Train the Trainer: Capacity building for genomic surveillance of AMR in low- and middle-income countries
Wellcome Genome Campus
In collaboration with the NIHR Global Health Research Unit on Genomic Surveillance of Antimicrobial Resistance (Centre for Genomic Pathogen Surveillance, Wellcome Sanger Institute, UK), we are pleased to announce this new course Train the Trainer: Capacity building for genomic surveillance of AMR in Low and Middle Income Countries
The increasing prevalence of antimicrobial resistance threatens healthcare at every level and is now a major international threat to public health. Training and capacity building in whole genome sequencing (WGS) and its interpretation (bioinformatics) to provide rapid detection and assessment of newly emerging antibiotic resistant bacteria in low- and middle-income countries (LMICs) is crucial; as is equipping regional public health scientists and programmes with the tools and techniques to be able to transfer these skills within their own countries.
This new train-the-trainer course aims to develop a cohort of instructors that can deliver onward training in the use of genomic technologies for the surveillance of AMR. Trainers will be equipped with the skill sets to establish and build capacity in:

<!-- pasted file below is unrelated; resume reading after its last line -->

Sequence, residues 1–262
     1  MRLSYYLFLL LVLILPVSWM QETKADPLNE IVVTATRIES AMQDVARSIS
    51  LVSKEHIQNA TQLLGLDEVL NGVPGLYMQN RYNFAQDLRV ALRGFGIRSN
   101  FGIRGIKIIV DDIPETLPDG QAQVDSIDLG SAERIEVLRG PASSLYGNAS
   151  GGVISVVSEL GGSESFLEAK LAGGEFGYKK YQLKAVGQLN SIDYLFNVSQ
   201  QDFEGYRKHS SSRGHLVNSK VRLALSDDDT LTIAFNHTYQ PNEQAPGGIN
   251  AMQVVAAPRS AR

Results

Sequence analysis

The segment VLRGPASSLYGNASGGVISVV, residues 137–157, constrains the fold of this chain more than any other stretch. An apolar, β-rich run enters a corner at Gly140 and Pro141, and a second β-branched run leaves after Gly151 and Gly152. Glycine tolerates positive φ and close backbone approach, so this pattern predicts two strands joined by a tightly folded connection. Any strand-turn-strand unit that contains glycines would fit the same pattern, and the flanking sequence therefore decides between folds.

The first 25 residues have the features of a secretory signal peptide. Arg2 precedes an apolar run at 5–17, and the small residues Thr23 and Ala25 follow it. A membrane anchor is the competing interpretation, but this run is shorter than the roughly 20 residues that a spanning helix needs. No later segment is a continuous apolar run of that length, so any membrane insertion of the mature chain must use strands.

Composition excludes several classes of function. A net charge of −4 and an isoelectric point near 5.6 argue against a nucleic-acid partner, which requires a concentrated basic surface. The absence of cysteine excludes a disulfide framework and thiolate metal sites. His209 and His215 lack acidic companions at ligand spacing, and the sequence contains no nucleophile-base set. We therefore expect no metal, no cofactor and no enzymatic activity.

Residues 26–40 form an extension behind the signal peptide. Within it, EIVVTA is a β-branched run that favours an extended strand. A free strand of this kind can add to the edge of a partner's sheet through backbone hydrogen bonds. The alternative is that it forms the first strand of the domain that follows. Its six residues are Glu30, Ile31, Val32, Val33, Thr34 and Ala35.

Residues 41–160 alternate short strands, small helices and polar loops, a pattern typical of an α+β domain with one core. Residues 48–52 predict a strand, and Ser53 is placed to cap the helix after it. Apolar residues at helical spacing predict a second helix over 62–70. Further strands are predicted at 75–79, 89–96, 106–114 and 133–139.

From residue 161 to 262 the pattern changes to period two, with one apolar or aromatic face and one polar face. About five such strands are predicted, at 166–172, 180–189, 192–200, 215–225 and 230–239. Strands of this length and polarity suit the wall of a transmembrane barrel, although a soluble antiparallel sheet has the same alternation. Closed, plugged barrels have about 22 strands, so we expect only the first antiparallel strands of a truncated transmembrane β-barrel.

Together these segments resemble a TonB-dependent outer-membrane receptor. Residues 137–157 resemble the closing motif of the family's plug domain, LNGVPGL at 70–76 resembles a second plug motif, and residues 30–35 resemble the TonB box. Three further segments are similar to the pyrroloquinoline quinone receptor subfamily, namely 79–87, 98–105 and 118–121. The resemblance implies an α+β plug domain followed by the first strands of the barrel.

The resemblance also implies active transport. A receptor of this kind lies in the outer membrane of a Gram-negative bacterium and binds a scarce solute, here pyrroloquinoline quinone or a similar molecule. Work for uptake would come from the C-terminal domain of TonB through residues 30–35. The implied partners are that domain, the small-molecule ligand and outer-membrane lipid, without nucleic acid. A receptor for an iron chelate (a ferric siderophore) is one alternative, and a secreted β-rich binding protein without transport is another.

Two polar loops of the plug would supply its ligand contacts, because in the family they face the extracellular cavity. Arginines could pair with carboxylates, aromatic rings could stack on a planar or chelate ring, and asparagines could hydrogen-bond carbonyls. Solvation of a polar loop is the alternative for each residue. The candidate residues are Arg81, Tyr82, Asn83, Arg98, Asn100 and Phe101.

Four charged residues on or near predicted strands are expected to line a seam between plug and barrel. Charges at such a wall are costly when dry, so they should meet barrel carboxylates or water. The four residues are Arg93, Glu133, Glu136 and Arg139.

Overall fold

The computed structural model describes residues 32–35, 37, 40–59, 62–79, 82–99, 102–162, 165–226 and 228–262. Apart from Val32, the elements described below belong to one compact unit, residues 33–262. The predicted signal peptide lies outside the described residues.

- Laboratory workflows – AST testing and DNA extraction for genomic sequencing
- Data flow and bioinformatic analyses for sequence data, including resistance prediction and linking epidemiological data (outbreak analyses and global context)
- Quality Assurance – internal and external testing for both laboratory and bioinformatics
The course is designed around surveillance of the current WHO bug-drug priority pathogens for the development of new antibiotics. Participants will enhance their current skill sets with teaching methodologies to train others and to enable the establishment of capacity and expertise in their own laboratory settings.This will be achieved through a combination of specialised, hands-on training along with pedagogical theory to enable participants to effectively teach these skills to a mixed audience (e.g. lab-based, epidemiologists, computer scientists, etc.) as part of either new or existing genomic surveillance programmes in their home countries.
The course is aimed at bioinformaticians and laboratory scientists based in national, regional and local laboratories and regional surveillance centres in LMICs. Applicants should have existing experience of WGS laboratory techniques or WGS data analysis methods, together with a strong interest in, and opportunities for, training others in these skills.
There is no course fee and limited bursaries are available to cover travel expenses. All accommodation and meals will be provided free of charge at the Wellcome Genome Campus for the duration of the course.